Well, you divulge any of those facts and he goes on trial for any of the other crimes,
they'll throw the cases right out for violation of confidentiality.
l can't turn him in either, because, well, l'm employed by you.
- Jury's gotta convict now. - Well, ya never know.
But as long as that bastard's out on bail, you--
You watch your step.
l've made my decision.
We'll stick with the not guilty plea.
That's your call.
Yeah, l didn't want to do this, but...
now l have no choice.
Mrs Bigelow, say hello to my attorney, Jennifer Haines.
- How do you do? - Say hello to Mrs Bigelow.
How is Mrs Bigelow gonna help us?
Well, her husband isn't going to like this, but, uh,
well, Kathleen, why don't you tell Miss Haines...
where l was on the afternoon of my wife's death?
At my place, just around the corner from his own apartment.
A five-minute walk.
Naturally l didn't say anything about it before...
because Kathleen's marriage was at stake.
And l didn't think there was much of a case against me.
David was still there when we heard the police and the ambulance sirens.
He couldn't possibly have had anything to do with it.
And, tell Miss Haines what we were doing the week before.
Yes. Um, my eldest daughter is moving back in with me, so l've been doing some redecorating.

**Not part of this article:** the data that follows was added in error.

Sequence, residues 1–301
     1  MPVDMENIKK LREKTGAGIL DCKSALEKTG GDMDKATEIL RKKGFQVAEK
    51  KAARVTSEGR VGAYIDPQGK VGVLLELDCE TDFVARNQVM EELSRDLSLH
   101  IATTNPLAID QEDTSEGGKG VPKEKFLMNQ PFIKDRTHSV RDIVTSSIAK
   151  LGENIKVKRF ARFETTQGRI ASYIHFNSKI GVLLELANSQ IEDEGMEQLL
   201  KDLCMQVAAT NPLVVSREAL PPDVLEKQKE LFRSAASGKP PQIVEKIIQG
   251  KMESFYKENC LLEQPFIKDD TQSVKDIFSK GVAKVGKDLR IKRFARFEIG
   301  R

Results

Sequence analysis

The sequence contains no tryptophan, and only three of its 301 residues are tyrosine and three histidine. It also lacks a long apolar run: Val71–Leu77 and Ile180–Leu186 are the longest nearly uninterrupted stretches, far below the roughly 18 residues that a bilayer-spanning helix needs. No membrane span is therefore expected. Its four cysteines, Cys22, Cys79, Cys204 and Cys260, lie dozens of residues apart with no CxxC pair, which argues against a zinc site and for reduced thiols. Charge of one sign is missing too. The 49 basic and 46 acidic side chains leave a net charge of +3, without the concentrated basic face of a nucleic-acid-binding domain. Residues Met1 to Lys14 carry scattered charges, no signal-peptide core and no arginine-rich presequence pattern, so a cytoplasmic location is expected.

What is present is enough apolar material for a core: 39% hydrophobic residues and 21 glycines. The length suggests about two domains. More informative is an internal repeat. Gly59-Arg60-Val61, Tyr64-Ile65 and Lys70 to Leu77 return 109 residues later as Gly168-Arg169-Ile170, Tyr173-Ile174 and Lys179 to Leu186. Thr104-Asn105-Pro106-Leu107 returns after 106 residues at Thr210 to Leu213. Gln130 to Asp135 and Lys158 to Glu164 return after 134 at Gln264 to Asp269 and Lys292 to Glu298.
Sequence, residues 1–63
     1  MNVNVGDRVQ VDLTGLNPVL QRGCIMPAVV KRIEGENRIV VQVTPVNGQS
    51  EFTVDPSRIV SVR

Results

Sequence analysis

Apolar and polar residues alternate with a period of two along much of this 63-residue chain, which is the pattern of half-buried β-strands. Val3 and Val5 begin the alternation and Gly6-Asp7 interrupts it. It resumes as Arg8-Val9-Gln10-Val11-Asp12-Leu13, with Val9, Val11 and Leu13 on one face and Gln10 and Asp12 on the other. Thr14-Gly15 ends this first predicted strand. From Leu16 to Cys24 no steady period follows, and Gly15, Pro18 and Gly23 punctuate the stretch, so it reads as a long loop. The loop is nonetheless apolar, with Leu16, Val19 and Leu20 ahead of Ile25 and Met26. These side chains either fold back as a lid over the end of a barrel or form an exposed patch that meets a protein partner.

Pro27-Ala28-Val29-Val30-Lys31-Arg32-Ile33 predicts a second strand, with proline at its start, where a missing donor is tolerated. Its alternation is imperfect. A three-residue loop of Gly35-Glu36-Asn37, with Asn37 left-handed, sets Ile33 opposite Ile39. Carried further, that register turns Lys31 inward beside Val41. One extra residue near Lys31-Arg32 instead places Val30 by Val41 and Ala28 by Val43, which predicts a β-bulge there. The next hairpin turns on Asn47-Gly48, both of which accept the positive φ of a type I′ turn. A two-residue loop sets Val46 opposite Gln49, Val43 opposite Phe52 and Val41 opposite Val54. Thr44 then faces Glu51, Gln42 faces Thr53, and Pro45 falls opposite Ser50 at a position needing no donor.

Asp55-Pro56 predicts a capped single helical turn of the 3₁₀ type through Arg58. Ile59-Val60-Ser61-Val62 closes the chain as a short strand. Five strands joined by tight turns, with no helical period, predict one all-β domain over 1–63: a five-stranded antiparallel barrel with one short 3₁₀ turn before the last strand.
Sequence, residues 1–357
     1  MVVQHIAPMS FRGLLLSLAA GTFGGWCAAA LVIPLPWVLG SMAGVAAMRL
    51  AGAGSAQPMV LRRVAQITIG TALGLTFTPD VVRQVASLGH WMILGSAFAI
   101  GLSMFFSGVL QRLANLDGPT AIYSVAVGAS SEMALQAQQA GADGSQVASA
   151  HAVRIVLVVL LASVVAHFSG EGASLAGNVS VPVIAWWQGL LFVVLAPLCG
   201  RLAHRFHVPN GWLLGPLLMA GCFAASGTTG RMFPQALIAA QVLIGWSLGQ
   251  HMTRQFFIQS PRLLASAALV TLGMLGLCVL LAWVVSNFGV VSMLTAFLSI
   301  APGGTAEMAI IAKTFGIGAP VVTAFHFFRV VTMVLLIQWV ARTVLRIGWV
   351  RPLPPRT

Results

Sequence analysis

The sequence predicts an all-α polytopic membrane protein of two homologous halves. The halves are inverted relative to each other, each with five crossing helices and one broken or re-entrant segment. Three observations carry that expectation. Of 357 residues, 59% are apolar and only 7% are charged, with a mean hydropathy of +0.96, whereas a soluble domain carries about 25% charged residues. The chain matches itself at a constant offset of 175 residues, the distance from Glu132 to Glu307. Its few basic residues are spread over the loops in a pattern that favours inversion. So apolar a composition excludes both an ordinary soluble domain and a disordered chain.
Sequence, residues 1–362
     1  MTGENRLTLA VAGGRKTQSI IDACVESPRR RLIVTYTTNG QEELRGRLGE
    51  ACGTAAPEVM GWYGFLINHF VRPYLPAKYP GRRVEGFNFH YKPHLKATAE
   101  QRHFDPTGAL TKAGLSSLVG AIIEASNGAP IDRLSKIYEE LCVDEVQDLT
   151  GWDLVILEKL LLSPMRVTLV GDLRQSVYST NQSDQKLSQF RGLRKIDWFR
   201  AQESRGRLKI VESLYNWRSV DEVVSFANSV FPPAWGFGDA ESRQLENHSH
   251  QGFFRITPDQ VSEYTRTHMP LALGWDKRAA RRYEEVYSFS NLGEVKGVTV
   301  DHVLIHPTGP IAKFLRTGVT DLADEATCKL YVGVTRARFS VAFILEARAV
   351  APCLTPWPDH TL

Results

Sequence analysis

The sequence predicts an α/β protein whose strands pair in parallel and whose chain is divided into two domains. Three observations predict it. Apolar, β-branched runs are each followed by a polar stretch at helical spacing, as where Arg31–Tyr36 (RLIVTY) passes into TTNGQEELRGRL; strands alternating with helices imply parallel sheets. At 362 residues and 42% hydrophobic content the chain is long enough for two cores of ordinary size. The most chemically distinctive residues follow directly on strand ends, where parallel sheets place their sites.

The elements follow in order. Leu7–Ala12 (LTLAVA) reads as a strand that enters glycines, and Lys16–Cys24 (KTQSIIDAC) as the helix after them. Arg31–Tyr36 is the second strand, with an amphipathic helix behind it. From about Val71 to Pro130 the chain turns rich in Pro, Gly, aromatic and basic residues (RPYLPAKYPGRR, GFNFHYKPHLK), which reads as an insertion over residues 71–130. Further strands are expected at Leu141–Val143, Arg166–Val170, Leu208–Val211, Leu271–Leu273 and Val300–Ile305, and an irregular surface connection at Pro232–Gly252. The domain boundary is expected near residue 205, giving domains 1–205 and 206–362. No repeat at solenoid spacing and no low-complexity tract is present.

Slapping on some paint, putting up some wallpaper, and, uh,
l got David to pitch in and help.
Shamed him into it, actually, just so he couldn't turn me down--
You got him the proper clothing to wear?
You got him a cap and gloves?
The painters had left some things behind when...
they did the upper floor of the duplex last year.
Mrs Bigelow, you realize l am obligated...
not to present perjured testimony to the court?
Excuse me, Jennifer, how can you be so sure that Kathleen's not telling the truth?
You must know the State's Attorney's Office will attempt to impeach this testimony.
Lady, my husband is a lineman with the Chicago Bears.
Do you honestly think l'd jeopardize myself for a lie?
This is a very difficult thing for me to do,
but David's life is in danger.
All right, l'll put her on the stand.
Anything else you've been holding back?
Don't let her attitude bother ya.
She's just a little bit jealous.
You see, she wanted to be the one to save me.
And now you've stolen all of her thunder.
You don't have any idea how those work clothes found their way into the basement...
of David Greenhill's apartment building, stuffed behind a radiator out of sight?